The aluminum main landing gear is very rugged and is bolted on with the 4mm bolts provided. The wheel pants are a little bit over sized in my opinion, but at least that gives you the option of using larger wheels if your flying field conditions call for that. They are well reinforced in the mounting location to prevent cracking from ordinary use and are pre-cut to clear the wheel axle. The 3 mounting hole locations match the pre-drilled locations in the gear legs, so no effort is required for proper alignment. I substituted 4-40 hardware for the 3mm stuff provided with the kit. I have enough trouble finding the right sized hex wrench once out at the field, so I don't need to complicate the occasional tightening of a loose wheel pant by trying to find the right metric tool. Regardless, it was the easiest wheel pant installation I've ever done: you mount the wheel to the axle, slip the pant over it and bolt it on.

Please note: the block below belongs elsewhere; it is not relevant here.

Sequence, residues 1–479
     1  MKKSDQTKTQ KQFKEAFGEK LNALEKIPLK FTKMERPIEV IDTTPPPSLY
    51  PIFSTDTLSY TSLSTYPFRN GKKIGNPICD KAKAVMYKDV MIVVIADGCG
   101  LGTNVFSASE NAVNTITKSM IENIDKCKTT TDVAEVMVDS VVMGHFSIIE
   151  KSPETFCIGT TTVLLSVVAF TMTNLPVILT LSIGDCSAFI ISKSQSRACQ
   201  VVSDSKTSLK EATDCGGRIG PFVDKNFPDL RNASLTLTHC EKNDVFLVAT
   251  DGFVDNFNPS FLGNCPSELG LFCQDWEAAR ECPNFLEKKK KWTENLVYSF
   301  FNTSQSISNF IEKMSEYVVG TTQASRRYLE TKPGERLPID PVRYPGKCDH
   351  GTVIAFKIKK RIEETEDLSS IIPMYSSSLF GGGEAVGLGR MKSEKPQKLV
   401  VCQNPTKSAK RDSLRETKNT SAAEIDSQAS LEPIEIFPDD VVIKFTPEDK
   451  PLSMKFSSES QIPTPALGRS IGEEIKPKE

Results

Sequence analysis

The wing has the anti-rotation dowels pre-installed in a very rugged ply and balsa laminated root rib. 4mm "T" nuts for securing the wing are already embedded within that structure. Here again, due to the CAD design and laser cut parts, both wings have their incidence factory set with dead-on accuracy. Hinging the ailerons was next. Just as with the tail surfaces, the pre-drilled hinge locations were spot-on and made this chore much easier. The same 6-32 control linkage hardware was used for the ailerons as was done for the tail surfaces.